"The trouble with being punctual is that there`s nobody there to appreciate it." Franklin Pierce Jones may have said this, but my friends probably feel the same way. Timing does matter, though. This is most recently illustrated in the trademark context by 3PMC LLC v Huggins, Opp. No. 91219982 (TTAB Jul. 24, 2015). Had the applicant filed just a day later, or the opposer a day earlier, the outcome would have been different.
Huggins' application published for opposition on September 2, 2014. On December 31, 2014, 3PMC filed a notice of opposition with the TTAB. That same day, Huggins filed an express abandonment of the application with the PTO. Initially, the TTAB entered judgment against Huggins because he had abandoned the application after an opposition proceeding began without the opposer's consent. Huggins then moved the TTAB for relief from judgment arguing that his express abandonment preceded the 3PMC's filing of the notice of opposition so the opposition should have been dismissed.
Ultimately, the TTAB granted Huggins' motion and affirmed its earlier precedent, saying the TTAB will not take cognizance of fractions of a day. In other words, filings that occur on the same day are generally deemed to have occurred at the same time. Although the rule had been established in the age of paper filings and these filings were performed electronically, abiding by the rule still makes sense. The electronic filings are made in two systems (abandonment through TEAS and notice of opposition through ESTTA). Processing is not always automatic; sometimes manual processing is required. Furthermore, the systems are not updated instantaneously, so even though it seems the notice of abandonment had been filed first, the TTAB's electronic filing system did not necessarily have the benefit of that information right away. In reaching its decision, the TTAB considered, but remained unpersuaded by 3PMC's arguments that the equities favored allowing the original decision to stand. The TTAB did, at least, refund the 3PMC's fee.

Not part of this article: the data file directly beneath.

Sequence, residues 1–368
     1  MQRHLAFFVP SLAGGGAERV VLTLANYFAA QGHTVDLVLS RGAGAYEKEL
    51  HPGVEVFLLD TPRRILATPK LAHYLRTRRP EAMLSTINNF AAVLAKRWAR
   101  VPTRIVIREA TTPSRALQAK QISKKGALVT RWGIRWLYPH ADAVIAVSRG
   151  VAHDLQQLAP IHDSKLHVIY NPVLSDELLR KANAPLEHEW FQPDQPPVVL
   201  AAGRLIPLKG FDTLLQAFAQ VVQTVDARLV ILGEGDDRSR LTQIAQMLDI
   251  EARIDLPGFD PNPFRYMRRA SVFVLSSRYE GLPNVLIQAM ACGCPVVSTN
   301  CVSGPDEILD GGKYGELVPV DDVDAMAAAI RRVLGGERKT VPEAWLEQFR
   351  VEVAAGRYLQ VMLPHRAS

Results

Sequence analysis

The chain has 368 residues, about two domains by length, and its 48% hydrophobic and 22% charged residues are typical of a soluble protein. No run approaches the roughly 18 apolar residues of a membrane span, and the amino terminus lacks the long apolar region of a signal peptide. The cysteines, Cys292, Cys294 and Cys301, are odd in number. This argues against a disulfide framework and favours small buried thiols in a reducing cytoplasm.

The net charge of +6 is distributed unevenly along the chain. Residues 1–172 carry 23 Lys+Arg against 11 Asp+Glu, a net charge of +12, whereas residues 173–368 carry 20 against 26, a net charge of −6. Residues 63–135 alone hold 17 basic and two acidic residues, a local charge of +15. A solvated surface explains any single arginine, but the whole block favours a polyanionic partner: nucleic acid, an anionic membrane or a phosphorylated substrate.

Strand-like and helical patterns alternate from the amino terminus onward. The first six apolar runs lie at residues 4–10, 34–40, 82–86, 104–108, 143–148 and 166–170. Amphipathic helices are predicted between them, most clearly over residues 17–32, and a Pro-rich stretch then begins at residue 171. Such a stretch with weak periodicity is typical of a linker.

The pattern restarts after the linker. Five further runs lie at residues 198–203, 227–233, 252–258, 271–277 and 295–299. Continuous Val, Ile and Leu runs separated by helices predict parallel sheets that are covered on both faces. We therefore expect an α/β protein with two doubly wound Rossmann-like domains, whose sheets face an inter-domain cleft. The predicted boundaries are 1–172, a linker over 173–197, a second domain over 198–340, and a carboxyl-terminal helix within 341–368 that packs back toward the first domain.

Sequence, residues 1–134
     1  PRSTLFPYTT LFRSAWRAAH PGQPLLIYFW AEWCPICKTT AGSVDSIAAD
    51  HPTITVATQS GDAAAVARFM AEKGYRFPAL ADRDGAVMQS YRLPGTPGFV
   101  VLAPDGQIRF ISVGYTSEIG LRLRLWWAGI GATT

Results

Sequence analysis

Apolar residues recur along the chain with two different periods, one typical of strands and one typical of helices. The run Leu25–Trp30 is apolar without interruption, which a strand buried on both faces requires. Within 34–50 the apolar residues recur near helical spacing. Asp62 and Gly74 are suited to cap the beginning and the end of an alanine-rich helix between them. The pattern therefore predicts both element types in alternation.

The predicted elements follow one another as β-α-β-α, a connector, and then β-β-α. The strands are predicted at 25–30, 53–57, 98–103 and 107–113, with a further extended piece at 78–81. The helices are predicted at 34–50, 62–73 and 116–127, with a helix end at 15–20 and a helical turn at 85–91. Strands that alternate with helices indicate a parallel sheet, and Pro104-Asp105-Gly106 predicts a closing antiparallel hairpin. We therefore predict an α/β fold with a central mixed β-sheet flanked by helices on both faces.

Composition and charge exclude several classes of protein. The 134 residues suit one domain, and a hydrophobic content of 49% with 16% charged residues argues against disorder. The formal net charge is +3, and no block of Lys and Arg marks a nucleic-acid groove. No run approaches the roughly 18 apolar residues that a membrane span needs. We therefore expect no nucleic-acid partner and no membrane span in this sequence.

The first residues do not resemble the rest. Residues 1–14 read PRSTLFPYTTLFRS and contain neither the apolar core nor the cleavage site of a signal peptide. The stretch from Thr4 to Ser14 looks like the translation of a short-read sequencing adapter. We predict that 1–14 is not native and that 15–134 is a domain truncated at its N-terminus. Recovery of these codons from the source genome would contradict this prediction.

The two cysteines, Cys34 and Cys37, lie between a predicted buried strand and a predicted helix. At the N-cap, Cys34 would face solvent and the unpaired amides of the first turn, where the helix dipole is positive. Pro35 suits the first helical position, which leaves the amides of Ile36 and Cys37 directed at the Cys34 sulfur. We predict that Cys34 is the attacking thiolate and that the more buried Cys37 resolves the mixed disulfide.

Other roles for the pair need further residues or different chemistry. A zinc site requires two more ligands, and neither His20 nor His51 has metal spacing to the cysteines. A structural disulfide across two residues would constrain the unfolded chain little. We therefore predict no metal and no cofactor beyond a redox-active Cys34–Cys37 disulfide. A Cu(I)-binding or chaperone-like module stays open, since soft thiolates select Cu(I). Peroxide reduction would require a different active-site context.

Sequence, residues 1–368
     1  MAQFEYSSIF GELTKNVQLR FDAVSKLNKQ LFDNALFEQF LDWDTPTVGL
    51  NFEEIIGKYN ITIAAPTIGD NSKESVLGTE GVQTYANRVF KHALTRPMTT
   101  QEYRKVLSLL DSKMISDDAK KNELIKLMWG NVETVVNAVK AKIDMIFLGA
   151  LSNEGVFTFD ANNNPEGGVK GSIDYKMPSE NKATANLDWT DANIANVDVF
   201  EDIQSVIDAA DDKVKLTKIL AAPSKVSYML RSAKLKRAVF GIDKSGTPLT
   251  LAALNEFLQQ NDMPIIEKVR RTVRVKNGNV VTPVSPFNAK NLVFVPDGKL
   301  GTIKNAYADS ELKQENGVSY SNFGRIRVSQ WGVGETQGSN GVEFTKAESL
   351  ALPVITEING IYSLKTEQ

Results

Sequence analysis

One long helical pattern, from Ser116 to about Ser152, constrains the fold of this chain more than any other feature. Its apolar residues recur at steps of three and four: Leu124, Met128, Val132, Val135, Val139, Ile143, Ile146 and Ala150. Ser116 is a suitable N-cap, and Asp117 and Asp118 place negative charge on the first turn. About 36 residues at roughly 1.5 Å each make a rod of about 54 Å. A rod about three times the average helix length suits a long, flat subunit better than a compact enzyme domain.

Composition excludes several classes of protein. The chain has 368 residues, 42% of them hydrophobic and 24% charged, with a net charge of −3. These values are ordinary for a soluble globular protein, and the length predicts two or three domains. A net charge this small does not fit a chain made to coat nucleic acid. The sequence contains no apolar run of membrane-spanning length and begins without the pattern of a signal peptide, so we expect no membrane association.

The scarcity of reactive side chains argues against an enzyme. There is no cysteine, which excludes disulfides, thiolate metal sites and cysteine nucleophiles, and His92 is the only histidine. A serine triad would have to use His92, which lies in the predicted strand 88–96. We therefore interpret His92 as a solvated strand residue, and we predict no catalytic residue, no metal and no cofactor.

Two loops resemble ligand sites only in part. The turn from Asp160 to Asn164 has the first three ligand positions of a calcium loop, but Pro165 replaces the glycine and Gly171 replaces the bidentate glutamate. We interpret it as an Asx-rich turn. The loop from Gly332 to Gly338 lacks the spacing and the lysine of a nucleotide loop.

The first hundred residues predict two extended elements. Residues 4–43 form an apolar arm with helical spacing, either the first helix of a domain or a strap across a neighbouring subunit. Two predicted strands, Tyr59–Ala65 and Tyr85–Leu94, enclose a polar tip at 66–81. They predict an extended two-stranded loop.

In the end, the TTAB dismissed the opposition without prejudice. This seems like the most just decision, especially in light of the difficulty in determining which event occurred first in the parallel electronic filing systems. Also, the prejudice the applicant would suffer had the TTAB adhered to its original decision seems greater than the prejudice claimed by 3PMC. While 3PMC may face disputes with Huggins down the road and have to monitor Huggins' actions more closely, had the TTAB adhered to its original decision, Huggins would have received an unfavorable judgment with prejudice based on actions he appeared to take without any knowledge that 3PMC was filing the notice of opposition.
Charles Dickens admonished "never do tomorrow what you can do today. Procrastination is the thief of time." In light of this case, trademark attorneys may want to take this to heart if they receive instructions to abandon an application or file a notice of opposition during the opposition period.